Mohamed Yousry, an Arabic translator and interpreter appointed by the court to assist in a terrorism trial, was convicted by a New York jury of aiding and abetting an Egyptian terrorist organisation (U.S. v. Ahmed Abdel Sattar, Lynne Stewart, and Mohamed Yousry, 2005). The charge wasbased on prison rules designed to prevent high-risk inmates from communicating with the outside world. Yousry was held responsible for translating a letter from the defendant (Sheikh Omar Abdel Raman), at the instruction of the attorney (Lynne Stewart), which Stewart later released to the press. He had played no part in devising Stewart’s legal strategy and was not present when she contacted the press. As Hess explains (2012: 24), the ruling against Yousry was paradigm-changing for the interpreting industry. For the first time in US legal history, “an interpreter was held responsible for the actions of an attorney for whom he worked and for the content of the attorney-client conversations which he facilitated”. The case, and others that followed, reminded the profession that interpreters and translators can be held accountable not only for how they translate but also for the content, provenance and circulation of what they translate. [1]  If they are to be held accountable in these respects, they must be trained to make ethically informed decisions for which they can knowingly assume responsiblity.

1.2 Professional Engagement with Ethics

Especially outside the domain of literary and religious translation, where engagement with issues of taste and morality is more likely to be found, practising translators and interpreters have traditionally been perceived as apolitical professionals whose priority is to earn a living by serving the needs of their fee paying clients. This is the ‘prototype’ of a professional translator or interpreter that is often presented to students. Indeed, one of the most influential theoretical frameworks that informs translator and interpreter training in many institutions across and beyond Europe, skopos theory (Vermeer 1989/2000, Reiß and Vermeer 1984/2013), assumes that decisions made in the course of translation must be guided by a ‘commission’ from the client (or initiator, or commissioner) who determines what purpose the translated text should serve and what audience it should address (Schäffner 2009: 121). Among other criticisms, this approach has been accused of turning translators and interpreters into “mercenary experts, able to fight under the flag of any purpose able to pay them” (Pym 1996: 338).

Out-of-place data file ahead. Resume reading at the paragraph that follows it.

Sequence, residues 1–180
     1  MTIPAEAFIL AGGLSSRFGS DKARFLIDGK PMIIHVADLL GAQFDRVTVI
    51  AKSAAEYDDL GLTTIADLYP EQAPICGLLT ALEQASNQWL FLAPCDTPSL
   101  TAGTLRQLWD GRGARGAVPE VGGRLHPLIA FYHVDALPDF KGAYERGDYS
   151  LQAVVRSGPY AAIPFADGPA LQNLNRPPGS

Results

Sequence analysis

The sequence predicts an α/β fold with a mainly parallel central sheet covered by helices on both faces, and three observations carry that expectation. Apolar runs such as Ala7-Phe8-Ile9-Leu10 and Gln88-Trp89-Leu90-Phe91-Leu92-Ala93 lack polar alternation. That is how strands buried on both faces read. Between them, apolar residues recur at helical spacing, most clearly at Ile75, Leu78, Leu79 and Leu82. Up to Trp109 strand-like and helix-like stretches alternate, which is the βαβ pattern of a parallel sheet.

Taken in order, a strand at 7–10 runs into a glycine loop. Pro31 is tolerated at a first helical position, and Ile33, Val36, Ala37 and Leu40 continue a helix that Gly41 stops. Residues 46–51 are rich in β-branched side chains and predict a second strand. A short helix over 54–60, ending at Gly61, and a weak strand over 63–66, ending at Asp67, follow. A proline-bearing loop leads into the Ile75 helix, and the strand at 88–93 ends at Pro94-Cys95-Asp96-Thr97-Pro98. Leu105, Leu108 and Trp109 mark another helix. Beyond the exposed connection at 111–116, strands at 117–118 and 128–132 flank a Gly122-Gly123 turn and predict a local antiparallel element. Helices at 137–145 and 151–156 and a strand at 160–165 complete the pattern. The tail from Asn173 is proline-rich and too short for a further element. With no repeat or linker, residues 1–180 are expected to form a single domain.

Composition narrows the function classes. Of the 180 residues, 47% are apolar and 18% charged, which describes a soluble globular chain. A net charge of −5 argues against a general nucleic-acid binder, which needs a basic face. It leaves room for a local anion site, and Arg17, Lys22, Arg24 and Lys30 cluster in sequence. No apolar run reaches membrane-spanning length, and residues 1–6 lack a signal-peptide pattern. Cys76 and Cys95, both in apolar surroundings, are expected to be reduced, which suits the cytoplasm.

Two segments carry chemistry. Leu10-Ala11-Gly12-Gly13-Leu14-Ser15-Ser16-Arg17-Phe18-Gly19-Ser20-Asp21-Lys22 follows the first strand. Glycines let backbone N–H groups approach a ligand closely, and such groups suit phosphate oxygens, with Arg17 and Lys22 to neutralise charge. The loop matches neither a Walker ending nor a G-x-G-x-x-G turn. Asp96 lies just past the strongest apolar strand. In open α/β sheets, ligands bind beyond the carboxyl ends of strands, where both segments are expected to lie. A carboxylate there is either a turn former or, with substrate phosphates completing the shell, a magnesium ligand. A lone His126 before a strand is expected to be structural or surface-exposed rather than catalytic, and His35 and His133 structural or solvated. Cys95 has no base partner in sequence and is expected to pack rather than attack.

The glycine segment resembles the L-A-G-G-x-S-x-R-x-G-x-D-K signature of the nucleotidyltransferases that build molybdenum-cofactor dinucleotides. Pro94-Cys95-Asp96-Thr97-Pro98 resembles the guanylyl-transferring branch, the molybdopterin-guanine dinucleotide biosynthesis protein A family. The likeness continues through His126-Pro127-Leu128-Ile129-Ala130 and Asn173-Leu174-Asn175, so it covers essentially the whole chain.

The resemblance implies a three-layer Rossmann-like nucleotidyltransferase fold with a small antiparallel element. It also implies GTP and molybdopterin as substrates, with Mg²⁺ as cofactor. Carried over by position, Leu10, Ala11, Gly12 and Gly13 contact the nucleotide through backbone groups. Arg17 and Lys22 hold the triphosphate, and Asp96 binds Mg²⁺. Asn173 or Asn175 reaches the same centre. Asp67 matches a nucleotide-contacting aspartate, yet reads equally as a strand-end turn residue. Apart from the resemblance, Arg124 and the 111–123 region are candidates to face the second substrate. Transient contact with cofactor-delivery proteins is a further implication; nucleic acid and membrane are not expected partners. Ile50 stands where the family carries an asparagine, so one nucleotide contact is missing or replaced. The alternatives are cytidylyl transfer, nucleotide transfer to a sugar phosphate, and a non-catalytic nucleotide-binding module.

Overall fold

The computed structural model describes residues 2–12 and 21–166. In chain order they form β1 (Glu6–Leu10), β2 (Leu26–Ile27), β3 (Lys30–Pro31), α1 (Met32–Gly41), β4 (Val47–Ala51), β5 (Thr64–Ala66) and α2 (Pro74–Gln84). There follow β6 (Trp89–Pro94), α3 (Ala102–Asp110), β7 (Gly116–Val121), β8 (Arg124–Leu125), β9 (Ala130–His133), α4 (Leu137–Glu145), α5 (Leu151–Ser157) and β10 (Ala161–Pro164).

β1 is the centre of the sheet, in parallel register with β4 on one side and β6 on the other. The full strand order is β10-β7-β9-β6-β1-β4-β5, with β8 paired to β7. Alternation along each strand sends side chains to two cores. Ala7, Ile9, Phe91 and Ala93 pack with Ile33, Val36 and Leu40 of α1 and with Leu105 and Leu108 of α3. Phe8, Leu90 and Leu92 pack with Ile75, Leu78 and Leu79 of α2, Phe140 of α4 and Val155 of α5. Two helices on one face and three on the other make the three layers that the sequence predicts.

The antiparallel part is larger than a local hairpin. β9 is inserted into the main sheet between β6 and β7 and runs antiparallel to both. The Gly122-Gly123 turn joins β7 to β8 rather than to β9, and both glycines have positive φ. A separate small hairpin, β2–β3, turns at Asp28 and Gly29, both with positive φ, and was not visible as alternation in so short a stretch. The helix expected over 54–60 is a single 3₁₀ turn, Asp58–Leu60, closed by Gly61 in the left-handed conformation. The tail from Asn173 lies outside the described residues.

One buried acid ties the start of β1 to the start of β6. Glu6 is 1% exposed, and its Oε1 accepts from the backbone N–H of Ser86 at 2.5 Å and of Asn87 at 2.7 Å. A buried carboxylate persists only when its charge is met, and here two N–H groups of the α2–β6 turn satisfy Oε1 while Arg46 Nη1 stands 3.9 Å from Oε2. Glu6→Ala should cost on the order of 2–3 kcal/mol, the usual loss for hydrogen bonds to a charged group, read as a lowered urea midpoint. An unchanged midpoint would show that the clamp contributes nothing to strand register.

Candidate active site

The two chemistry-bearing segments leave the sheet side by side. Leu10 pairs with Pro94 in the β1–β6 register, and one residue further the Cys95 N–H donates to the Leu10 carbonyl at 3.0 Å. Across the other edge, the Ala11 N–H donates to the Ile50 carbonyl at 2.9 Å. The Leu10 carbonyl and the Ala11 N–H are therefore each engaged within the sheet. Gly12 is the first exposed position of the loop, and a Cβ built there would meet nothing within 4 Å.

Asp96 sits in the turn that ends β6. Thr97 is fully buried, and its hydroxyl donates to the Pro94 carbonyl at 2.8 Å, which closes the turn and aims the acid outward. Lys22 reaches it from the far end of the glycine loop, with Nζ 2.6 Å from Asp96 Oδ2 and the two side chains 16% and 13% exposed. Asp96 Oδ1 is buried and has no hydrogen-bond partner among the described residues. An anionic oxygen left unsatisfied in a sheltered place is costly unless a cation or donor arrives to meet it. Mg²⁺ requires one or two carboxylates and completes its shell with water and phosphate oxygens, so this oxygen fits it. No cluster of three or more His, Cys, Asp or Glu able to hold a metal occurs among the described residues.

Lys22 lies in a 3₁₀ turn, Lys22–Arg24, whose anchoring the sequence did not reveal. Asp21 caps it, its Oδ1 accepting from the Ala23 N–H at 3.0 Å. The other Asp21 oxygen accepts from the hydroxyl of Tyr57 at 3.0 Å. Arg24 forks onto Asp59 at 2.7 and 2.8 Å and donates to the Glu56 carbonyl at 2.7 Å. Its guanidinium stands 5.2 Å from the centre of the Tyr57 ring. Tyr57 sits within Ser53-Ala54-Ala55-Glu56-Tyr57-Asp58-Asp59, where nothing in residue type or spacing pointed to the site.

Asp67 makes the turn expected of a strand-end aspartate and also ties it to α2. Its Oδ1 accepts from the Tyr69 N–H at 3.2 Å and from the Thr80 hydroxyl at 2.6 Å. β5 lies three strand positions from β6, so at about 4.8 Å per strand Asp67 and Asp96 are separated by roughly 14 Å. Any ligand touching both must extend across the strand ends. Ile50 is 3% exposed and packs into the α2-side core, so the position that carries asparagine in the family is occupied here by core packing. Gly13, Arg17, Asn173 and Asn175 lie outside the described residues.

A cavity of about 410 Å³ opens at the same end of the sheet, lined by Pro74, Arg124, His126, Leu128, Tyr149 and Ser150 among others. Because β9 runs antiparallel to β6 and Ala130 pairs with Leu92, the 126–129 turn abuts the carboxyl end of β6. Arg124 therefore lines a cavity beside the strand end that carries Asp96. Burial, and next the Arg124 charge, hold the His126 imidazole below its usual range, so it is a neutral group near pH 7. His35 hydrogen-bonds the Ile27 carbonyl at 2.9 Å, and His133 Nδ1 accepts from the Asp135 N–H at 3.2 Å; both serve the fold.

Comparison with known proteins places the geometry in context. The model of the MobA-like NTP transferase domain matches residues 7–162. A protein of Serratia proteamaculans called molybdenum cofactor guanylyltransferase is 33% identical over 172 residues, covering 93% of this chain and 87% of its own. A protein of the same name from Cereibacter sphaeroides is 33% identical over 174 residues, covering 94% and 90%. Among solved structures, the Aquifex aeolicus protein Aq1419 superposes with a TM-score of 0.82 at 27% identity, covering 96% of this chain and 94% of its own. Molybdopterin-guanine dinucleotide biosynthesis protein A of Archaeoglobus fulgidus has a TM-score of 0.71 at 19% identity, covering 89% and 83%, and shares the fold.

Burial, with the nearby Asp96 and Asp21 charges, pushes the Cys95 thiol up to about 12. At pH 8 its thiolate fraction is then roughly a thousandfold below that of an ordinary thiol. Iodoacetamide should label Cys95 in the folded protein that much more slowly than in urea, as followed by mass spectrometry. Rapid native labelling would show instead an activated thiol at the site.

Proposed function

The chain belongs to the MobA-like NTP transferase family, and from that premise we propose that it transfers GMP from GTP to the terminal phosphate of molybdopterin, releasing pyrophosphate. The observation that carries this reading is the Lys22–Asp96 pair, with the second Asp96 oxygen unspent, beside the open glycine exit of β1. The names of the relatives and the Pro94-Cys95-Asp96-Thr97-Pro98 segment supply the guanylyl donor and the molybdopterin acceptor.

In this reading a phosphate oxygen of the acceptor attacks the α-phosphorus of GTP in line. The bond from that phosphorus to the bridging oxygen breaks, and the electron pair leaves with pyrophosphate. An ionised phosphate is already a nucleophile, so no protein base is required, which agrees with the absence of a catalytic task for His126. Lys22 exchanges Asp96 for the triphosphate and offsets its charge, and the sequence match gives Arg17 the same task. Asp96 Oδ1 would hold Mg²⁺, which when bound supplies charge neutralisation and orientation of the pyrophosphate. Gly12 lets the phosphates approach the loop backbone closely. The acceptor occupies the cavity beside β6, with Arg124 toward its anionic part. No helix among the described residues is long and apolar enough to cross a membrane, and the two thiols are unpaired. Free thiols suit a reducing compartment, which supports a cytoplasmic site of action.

In more recent years, however, practising translators and interpreters have begun to challenge this image of their profession by voicing their opinions on a variety of issues and debating the question of ethics explicitly, often to the amazement of clients who continue to think of them as apolitical and unengaged. As one medical translation agency put it in 2010, “[u]nless one’s work involves animal testing or abortion or a similar topic, translators are unlikely to get political about their work”. The agency was quick to note, however, that “the world, it is a-changing”.[2]

The agency in question, Foreign Exchange Translations, decided to conduct a poll following a number of exchanges with translators who refused to take on certain assignments, either because they disagreed strongly with the content of the relevant texts or because of some aspect of the client’s profile. Foreign Exchange Translations framed the poll as follows:

We recently received the following email from a medical translator who has worked for a long-standing device client of ours:

“I’m not sure if you were aware, but there is a boycott in Mexico regarding travel, business, services, etc. related to Arizona and companies based there[3] It has come to my attention that [medical device company] is a company based in Arizona, U.S.A.

I offer my sincerest apologies, but I have to terminate my contribution to this project due to my collaboration with this boycott. My timing is highly unfortunate. I realize this will affect our working relationship. I hope you can understand that had I known this earlier, I would have informed you appropriately.”

It’s not like our team was living under a rock and hadn’t heard of recent events in Arizona but we were nevertheless surprised.

What is your take on this?